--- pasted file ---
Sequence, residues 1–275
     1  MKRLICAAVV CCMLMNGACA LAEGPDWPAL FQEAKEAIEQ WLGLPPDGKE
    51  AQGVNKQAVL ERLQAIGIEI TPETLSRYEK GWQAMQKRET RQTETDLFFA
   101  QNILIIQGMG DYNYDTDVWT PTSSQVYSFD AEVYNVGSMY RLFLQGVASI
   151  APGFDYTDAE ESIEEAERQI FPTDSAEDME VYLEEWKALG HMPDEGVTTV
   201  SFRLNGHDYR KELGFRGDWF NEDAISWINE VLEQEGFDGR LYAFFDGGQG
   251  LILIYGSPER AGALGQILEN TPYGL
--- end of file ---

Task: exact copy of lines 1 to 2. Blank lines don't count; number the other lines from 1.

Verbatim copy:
Sequence, residues 1–275
     1  MKRLICAAVV CCMLMNGACA LAEGPDWPAL FQEAKEAIEQ WLGLPPDGKE